Various Elements of Cost of Risk

28/07/2020 1 By indiafreenotes

Cost of Risk is a quantifiable, controllable number that can be identified and reduced. Simply put, TCoR is the total cost of your insurance premiums, retained losses (deductibles/uninsured losses) and internal/external risk control costs. By recognizing these costs we can plan and implement management strategies to reduce them.

Most people assume it’s their insurance premiums alone. They’re only partially correct: premiums are only a piece of the puzzle. While insurance premiums are the most visible cost associated with risk, they are hardly the only cost. There are many other costs associated with risk that are either not tracked or are viewed as fixed costs. That is the paradigm. What most business owners don’t realize is that these additional costs are controllable. All of the costs related to risk can be tracked and monitored. In addition, there are operational strategies that can be implemented which will manage and ultimately reduce these costs.

Elements of Total Cost of Risk

Insurance premiums

The first and most easily tracked component of Total Cost of Risk is insurance premiums. This includes the amount a firm spends on insurance coverage and brokers’ commissions.

Retained losses

The next element is retained losses. The retained loss value is the amount of money that a firm spends “out of pocket” for losses incurred. These are costs that are below a company’s deductible. An example is a small mishap such as dry-cleaning a client’s suit due to spillage from an employee.

Costs to protect employees/customers from injury

The next applicable costs may not be as easy to track but are still important components captured in the TCoR calculation. These are the costs needed to protect your employees or customers from injuries. Examples are safety equipment, mats, warning signs, training, etc. These costs should be tracked as part of the TCoR for your business internally.

Costs to engage firms for help with risk & insurance issues

The next component is money spent with professional firms to help you handle insurance or other risk associated issues. These would include costs for an attorney to respond to a complaint or to review a contract’s indemnification agreement. These are also part of the TCoR calculation and are considered external risk control costs.

Productivity loss

Other relevant cost is productivity loss due to injuries or losses. Having your employees spend their time either driving other employees to the doctor, investigating incidents, cleaning up spills, etc. are also costs that are risk related and are taking away from your bottom line.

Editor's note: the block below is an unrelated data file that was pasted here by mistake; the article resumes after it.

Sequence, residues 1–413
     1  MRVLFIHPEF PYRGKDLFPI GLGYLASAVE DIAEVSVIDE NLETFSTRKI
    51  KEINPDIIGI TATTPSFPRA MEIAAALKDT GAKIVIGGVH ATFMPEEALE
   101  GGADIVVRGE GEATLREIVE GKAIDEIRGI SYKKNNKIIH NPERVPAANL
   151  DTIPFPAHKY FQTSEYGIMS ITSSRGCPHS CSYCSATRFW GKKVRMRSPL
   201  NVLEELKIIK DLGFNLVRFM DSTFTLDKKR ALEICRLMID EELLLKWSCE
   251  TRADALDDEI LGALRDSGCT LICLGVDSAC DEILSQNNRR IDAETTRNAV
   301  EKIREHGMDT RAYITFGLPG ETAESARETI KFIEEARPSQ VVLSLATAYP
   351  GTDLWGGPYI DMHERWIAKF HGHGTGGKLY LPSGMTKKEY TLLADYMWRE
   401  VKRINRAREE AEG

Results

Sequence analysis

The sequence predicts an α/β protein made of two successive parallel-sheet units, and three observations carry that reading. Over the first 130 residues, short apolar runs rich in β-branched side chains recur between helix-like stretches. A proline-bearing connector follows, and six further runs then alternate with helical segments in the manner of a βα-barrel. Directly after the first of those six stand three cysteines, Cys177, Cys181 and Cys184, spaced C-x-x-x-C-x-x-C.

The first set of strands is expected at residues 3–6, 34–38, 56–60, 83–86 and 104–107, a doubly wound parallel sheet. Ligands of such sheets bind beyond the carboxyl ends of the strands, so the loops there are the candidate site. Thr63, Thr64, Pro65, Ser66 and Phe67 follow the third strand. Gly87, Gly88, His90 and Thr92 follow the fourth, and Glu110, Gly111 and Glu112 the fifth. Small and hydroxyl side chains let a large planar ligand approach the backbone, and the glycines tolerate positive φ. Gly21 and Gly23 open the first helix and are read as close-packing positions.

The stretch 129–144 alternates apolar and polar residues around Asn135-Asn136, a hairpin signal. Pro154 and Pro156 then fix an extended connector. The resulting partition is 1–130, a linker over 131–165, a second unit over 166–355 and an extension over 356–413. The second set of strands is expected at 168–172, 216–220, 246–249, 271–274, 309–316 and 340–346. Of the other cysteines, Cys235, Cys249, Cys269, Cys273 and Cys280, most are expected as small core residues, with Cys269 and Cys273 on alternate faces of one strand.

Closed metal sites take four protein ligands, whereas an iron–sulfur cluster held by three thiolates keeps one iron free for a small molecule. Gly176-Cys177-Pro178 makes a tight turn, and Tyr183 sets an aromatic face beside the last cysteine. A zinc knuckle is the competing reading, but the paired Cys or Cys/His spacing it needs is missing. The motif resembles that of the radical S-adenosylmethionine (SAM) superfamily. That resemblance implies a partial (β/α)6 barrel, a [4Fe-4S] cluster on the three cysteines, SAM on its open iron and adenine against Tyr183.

Administration Costs

Financial impacts incurred in providing the services required to effectively administer a Total Cost of Risk Program. They include claims management, risk control and all other project costs such as data analytics. In the case where a firm pays additional fees or expense for these services, they are an addition to the TCOR formula. However, when they are provided by a third party (Insurance Brokerage or Risk Management Services Provider) as part of the relationship, they are a reduction to the extent that the measurable ROI exceeds the cost of the services.

Loss Costs

Loss Costs are generally broken up into 2 parts. The direct cost of the losses and the indirect cost of losses. Both of these items impact the organization’s Total Cost of Risk.

  • Direct Cost of Losses: Deductibles and claims that are anticipated and funded inside the organizations risk financing program. (i.e. Captive, Deductible or Self Insurance Programs) In addition the cost of administering claims by third party administrators (TPA’s) are considered a direct cost of the loss as the TPA expense is usually a direct correlation of the claims experience. Any uninsured loss is also a direct cost of loss.
  • Indirect Loss Costs: Every loss creates a corresponding expense that is unfunded and in some cases unanticipated. While the risk financing (insurance) may pay the known claim, there is a high correlation of additional unfunded business expenses that arise from virtually any claim. These loss costs are commonly known as The Iceberg. These are quantified and measured in an accurate Total Cost of Risk calculation. (For more on the subject of Indirect Loss Costs see the Wikipedia Indirect Loss cost topic)